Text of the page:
Read more of this story at Slashdot.

Categories: Tech/Science News

Hacks Raise Fear Over NSA's Hold on Cyberweapons

Slashdot - Thu, 06/29/2017 - 16:50
Nicole Perlroth, and David Sanger, writing for The New York Times: Twice in the past month, National Security Agency cyberweapons stolen from its arsenal have been turned against two very different partners of the United States -- Britain and Ukraine. The N.S.A. has kept quiet, not acknowledging its role in developing the weapons (alternative source). White House officials have deflected many questions, and responded to others by arguing that the focus should be on the attackers themselves, not the manufacturer of their weapons. But the silence is wearing thin for victims of the assaults, as a series of escalating attacks using N.S.A. cyberweapons have hit hospitals, a nuclear site and American businesses. Now there is growing concern that United States intelligence agencies have rushed to create digital weapons that they cannot keep safe from adversaries or disable once they fall into the wrong hands. On Wednesday, the calls for the agency to address its role in the latest attacks grew louder, as victims and technology companies cried foul. Representative Ted Lieu, a California Democrat and a former Air Force officer who serves on the House Judiciary and Foreign Affairs Committees, urged the N.S.A. to help stop the attacks and to stop hoarding knowledge of the computer vulnerabilities upon which these weapons rely.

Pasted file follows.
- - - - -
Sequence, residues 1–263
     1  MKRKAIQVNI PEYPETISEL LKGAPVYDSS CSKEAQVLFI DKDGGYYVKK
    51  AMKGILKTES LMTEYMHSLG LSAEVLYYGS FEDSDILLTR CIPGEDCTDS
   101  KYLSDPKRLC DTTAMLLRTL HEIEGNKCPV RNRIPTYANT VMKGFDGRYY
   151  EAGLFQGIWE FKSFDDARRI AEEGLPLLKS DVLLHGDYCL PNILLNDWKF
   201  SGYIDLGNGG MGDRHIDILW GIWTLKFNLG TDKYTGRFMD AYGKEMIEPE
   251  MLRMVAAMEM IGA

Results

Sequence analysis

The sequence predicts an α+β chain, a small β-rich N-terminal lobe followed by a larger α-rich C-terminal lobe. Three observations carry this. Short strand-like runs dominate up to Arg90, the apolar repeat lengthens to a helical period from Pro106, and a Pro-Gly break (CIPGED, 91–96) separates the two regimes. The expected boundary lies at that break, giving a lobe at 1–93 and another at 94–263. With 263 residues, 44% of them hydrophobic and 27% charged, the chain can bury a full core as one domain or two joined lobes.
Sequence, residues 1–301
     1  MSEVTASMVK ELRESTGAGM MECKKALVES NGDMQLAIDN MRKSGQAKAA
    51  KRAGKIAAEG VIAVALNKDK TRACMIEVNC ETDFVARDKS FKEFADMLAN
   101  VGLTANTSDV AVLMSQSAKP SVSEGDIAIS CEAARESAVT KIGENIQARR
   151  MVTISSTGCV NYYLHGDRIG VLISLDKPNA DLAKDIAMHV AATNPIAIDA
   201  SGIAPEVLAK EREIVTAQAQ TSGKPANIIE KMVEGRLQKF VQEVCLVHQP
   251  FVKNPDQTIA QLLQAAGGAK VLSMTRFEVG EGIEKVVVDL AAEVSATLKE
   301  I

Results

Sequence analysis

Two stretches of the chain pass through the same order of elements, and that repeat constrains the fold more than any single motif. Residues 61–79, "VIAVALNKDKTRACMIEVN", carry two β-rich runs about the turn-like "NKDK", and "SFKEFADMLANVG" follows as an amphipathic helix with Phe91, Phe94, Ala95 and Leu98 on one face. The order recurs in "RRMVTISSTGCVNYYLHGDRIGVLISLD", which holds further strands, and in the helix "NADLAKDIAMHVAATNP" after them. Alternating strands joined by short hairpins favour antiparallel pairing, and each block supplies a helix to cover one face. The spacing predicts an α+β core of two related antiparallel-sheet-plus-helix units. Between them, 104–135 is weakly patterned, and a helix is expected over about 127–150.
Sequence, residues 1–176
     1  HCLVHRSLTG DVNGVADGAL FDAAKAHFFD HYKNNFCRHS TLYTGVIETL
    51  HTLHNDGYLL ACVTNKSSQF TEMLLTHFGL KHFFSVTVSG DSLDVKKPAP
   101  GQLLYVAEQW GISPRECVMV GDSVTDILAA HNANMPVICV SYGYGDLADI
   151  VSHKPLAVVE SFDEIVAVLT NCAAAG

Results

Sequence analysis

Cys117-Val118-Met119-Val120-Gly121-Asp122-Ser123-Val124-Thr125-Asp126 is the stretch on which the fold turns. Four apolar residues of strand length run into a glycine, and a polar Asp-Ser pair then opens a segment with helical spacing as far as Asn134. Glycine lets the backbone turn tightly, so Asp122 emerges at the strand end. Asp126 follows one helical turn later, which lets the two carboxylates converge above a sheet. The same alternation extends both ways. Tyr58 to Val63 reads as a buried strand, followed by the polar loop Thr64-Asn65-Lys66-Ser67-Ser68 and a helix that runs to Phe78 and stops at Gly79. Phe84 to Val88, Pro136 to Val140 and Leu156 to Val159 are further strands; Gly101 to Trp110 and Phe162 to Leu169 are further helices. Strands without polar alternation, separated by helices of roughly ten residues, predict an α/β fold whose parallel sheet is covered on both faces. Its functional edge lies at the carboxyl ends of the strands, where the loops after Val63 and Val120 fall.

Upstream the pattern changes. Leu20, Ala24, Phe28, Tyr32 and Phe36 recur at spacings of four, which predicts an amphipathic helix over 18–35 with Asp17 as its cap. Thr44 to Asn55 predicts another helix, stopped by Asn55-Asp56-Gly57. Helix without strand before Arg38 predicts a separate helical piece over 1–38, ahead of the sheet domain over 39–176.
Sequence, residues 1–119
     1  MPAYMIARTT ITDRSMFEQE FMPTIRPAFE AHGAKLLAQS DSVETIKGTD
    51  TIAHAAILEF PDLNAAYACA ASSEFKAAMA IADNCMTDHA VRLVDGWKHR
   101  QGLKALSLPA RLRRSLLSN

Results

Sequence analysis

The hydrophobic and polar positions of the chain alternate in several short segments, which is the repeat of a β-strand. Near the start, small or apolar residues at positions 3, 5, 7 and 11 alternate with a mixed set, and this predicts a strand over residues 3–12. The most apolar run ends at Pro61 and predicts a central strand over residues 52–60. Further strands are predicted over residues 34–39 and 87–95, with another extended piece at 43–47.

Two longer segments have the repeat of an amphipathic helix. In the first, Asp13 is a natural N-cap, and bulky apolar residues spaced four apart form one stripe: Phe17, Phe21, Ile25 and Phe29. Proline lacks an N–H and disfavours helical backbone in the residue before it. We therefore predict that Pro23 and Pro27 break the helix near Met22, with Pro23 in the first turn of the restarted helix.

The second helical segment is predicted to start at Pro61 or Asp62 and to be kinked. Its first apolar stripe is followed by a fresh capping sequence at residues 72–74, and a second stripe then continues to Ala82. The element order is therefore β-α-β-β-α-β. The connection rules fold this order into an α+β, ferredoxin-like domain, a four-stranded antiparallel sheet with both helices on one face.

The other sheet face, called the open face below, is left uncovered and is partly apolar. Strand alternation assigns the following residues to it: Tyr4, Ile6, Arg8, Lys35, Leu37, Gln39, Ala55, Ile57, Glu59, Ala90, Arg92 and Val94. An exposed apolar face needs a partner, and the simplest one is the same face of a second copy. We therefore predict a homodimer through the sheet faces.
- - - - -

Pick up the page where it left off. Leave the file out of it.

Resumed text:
Read more of this story at Slashdot.

Categories: Tech/Science News

The iPhone Turns 10

Slashdot - Thu, 06/29/2017 - 16:00